43 thoughts on “In case you were wondering …”

  1. I think there's every risk that the exercise of this or that constitutional right might lead to the corruption of the legal process. Doesn't matter one bit, if it IS the exercise of a constitutional right. The NYT could corrupt the legal process by running editorials and slanted coverage worth millions, which thanks to CU is constitutionally protected now, but that wouldn't justify shutting down the NYT. Well, maybe the SG thinks it would…

    The judicial process can, politicians who nominate and confirm not typically being saints, as easily be corrupted by the non-election of judges. By your reasoning, we shouldn't nominate and confirm judges, either. Maybe we should just select them by lot from among the qualified population? Oh, wait, the dice might be loaded…

  2. Gosh, Brett, you're right. Trying to figure out how to reduce the corrupting influence of wealth on our political system is just too much work, and probably hopeless. We might as well just accept that anything goes. And if that means that reactionary coal industry CEOs are able to buy a judge here and a state senator or two there, what's wrong with that?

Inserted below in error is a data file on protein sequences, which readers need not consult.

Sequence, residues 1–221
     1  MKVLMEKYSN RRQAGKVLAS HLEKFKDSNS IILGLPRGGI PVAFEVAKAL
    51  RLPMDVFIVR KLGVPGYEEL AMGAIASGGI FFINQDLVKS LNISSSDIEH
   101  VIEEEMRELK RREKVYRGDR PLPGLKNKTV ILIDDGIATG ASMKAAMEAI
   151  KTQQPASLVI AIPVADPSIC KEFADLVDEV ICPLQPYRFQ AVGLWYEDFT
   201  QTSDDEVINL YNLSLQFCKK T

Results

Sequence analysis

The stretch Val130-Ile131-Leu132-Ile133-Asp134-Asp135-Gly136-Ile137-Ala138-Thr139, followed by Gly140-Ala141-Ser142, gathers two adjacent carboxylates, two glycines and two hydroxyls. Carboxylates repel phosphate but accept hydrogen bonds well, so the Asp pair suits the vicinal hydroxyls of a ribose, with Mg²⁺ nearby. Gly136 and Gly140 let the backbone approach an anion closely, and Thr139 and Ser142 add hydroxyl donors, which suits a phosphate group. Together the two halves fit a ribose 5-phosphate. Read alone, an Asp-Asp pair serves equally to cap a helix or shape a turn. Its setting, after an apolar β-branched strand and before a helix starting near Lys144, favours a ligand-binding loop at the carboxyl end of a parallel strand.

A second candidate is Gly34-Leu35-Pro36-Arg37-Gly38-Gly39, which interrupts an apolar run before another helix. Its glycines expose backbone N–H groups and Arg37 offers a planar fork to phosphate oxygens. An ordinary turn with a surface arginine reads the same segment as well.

What a dismal world view conservatives have. We mustn't try to do anything about racism, poverty, the oppression of women, the environment, or lack of access to health care, because that's "social engineering" and we all know that anything labeled "social engineering" is either misguided or doomed to failure (oddly enough, though, the various forms of social engineering that benefit corporations and the existing power structures are just fine, however).